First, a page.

At this point I see the scale of Apprentice, Journeyman, Master, Grand Master as:
Apprentice: Someone who has started study of a trade/system. This person has not yet formed a solid foundation of basic knowledge and technique to build upon. They may be excellent at one or two aspects of the trade/system, but their lack of basic knowledge is apparent to anybody in the field.
Journeyman: Someone who has a solid grasp of the basics and is studying new skills which build upon skills that have been previously learned. This grasp of the basics tends to allow Journeymen to serve their culture directly in a limited fashion.
Master: Someone who has a solid grasp of most/all of the skills needed to perform services that their culture requires of the trade/system with consistent excellence at a level most masters in the field generally consider acceptable.
Grand Master: Someone who studies and trains their skills to the extremes of cultural awareness. A normal person's first reaction to a true story of a Grand Master's skills is commonly disbelief and shock.
Adept: Someone who studies and trains their skills to such extreme that even Masters of the trade/system express disbelief and shock upon hearing true stories.
How does all this matter and/or apply?
It is incredibly difficult to be a master of more than a few things at a time and modern magickal practice covers way too many areas to master all at once. For example, I used to be able to move enough chi to physically shock and push people. The act of being able to do this required about 30-60 minutes of practice a day for about a month and a few dozen hours of specialized study (on top of the hundreds of hours I'd done over the years).
I chose to replace this with 30-60 minutes of practice per day of Divination Study. I am currently able to give pretty detailed readings from very limited evidence or even just pulling them down from spirit. However... my ability to move chi has atrophied! I can not do the acts I used to be able to do with chi. This is one example of many that we cannot be a master of everything. If you intend to study you will have to choose what you intend to master.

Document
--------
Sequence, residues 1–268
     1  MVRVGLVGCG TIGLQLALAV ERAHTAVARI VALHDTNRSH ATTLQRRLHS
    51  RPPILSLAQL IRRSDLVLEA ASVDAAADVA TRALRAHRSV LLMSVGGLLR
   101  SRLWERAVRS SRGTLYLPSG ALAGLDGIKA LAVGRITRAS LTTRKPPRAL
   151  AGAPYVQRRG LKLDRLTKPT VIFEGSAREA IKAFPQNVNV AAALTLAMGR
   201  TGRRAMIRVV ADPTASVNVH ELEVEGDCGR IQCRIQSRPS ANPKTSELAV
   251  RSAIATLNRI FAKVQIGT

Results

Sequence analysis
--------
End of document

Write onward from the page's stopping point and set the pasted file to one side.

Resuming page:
Luckily, apprentice/journeyman skills don't usually require much maintenance. I am a journeyman Violinist. I sound good to most ears. I have basics of music, can sheet read and all that. To master the violin I would have to practice probably at least an hour a day and that would get me good enough to join a small philharmonic. To join a large one, I'd have to become a grand master and practice 4-6 hours a day. However.... I'm content to be a journeyman. I studied for hundreds of hours to get here, but at this point I can ignore my violin for 6 months at a time and 5 minutes after I pick it up I can be making nice sounding music to amateur ears.
Using this experience I can recommend a more efficient path of study to someone just starting out in their magickal journey:
Taste a little of everything: There a lot of stuff to try and you don't know what will excite you. Additionally as you do so you will start to see patterns. In magic, there are a few consistent basics that are necessary for most any specialty and this is what you are seeing.
Choose a topic and Master it: By this time you should have found something that you would love to become great at.
Find Students and Teach Others: You are neither Gods gift to the topic, nor a waste of time. If you have mastered the basics you can at least teach those. If you have mastered a topic you can teach that too. Don't claim a mastery you don't have of course. If you have a Master you can study under save yourself a TON of time and do so. Also be realistic about who is teaching you. A Grand Master will probably have no time for you unless you are a Master and an adept would probably demand you be a Grand Master before being willing to teach!
How much work/study are you looking at? Learn more tomorrow in Part 4